Annual Costs Associated With Diagnosis of Uterine Leiomyomata

Hartmann, Katherine E. MD, PhD1; Birnbaum, Howard PhD2; Ben-Hamadi, Rym MSc2; Wu, Eric Q. PhD2; Farrell, Max H.2; Spalding, James PharmD, MS3; Stang, Paul PhD4

doi: 10.1097/01.AOG.0000234651.41000.58
Original Research

OBJECTIVE: To describe the annual care, direct health care, and indirect work loss costs for women with a diagnosis of uterine leiomyomata.

METHODS: We examined data from an employer claims database of 1.2 million beneficiaries (1999 to 2003). Analysis was restricted to women with at least 12 months of continuous coverage and ages 18 to 64 years with at least one diagnosis of leiomyomata (International Classification of Diseases, 9th Revision, 218.xx, 654.1x). We selected a comparison group of women without a leiomyoma diagnosis using a 1:1 match on age, employment, region, health plan type, and length of enrollment. We compared resource use, disability claims, and excess costs in the year after the index diagnosis.

RESULTS: The average age of women diagnosed with leiomyomata in this study was 43.7 years. Women with leiomyomata (N=5,122) had more clinic visits (relative risk [RR] 1.2, 95% confidence interval [CI] 1.2–1.2), diagnostic tests (RR 3.1, 95% CI 2.9–3.2), and procedures (RR 34.6, 95% CI 25.8–46.5) than controls (N=5,122). Within 1 year of the diagnosis of leiomyomata, 42% of women had a complete blood count, 66% had pelvic imaging, and 30% had surgery (68% of surgical procedures involved hysterectomy). Women with leiomyomata were 3-fold more likely to have disability claims (RR 3.1, 95% CI 2.7–3.6). Estimated average annual excess cost for each woman with leiomyomata (adjusted for confounders) was $4,624 ($771 in work loss costs). Total costs for women with leiomyomata were 2.6 times greater than for controls.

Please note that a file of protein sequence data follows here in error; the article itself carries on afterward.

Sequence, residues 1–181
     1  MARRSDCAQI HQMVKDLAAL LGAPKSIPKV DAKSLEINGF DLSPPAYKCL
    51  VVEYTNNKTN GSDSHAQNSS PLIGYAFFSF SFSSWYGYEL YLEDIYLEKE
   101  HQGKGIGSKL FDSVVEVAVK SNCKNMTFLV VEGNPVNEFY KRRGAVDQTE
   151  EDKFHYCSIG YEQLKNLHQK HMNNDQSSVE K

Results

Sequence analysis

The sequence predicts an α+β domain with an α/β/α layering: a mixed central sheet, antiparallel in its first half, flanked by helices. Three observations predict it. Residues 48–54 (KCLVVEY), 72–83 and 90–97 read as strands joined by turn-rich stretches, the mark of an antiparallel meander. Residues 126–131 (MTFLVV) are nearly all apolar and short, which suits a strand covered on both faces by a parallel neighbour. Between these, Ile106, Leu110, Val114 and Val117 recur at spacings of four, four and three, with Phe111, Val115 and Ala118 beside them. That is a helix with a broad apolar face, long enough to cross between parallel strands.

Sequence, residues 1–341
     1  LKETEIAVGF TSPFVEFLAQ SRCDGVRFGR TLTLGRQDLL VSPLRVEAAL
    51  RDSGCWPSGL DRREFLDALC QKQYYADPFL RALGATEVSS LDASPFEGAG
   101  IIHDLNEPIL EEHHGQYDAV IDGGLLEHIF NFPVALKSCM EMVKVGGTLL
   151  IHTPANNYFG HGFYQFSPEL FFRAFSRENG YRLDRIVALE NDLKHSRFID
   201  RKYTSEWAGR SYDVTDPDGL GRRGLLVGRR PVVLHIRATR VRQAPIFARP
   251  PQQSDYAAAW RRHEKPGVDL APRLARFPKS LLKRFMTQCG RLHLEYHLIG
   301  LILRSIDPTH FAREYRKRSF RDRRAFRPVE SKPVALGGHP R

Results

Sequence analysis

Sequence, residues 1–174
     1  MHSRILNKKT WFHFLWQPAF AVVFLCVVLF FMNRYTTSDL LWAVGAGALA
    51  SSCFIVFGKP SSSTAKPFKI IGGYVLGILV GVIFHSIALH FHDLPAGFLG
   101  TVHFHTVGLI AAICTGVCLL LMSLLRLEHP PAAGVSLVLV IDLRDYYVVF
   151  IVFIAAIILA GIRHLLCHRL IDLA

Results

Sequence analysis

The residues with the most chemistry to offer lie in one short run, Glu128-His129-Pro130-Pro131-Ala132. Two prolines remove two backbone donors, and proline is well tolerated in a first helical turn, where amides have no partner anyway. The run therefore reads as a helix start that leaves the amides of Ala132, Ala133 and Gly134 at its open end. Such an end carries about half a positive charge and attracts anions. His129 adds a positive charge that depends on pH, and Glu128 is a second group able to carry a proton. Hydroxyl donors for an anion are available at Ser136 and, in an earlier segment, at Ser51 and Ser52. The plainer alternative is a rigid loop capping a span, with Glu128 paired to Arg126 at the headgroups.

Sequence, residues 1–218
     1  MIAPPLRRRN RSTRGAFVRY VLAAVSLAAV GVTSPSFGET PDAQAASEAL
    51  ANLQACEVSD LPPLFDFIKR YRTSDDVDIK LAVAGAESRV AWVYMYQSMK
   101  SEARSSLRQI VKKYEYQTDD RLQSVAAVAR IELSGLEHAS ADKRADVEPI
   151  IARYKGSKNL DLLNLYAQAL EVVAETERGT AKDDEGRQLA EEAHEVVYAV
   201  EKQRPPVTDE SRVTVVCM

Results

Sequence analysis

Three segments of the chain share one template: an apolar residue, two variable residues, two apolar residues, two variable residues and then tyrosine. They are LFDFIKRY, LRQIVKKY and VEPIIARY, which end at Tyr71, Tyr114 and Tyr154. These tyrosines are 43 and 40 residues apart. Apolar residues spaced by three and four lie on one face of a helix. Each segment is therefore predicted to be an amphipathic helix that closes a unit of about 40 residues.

CONCLUSION: Diagnosed uterine leiomyomata are associated with increased resource use and with substantially higher health care and work loss costs.


Uterine leiomyomata are associated with increased use of resources and with substantially higher health care and work loss costs.

From the 1Center for Women’s Health Research, University of North Carolina at Chapel Hill, Chapel Hill, North Carolina; 2Analysis Group Inc, Boston, Massachusetts; 3TAP Pharmaceutical Products Inc, Lake Forest, Illinois; 4West Chester University, West Chester, Pennsylvania.

Corresponding author: Katherine E. Hartmann, MD, PhD, Center for Women’s Health Research, University of North Carolina, Chapel Hill, NC 27599-7521; e-mail:

Financial Disclosure This research was funded by TAP Pharmaceutical Products Inc, Lake Forest, Illinois. Drs. Birnbaum, Ben-Hamadi, Wu, and Farrell are employees of Analysis Group Inc. Dr. Spalding is an employee of TAP Pharmaceutical Products Inc.

© 2006 The American College of Obstetricians and Gynecologists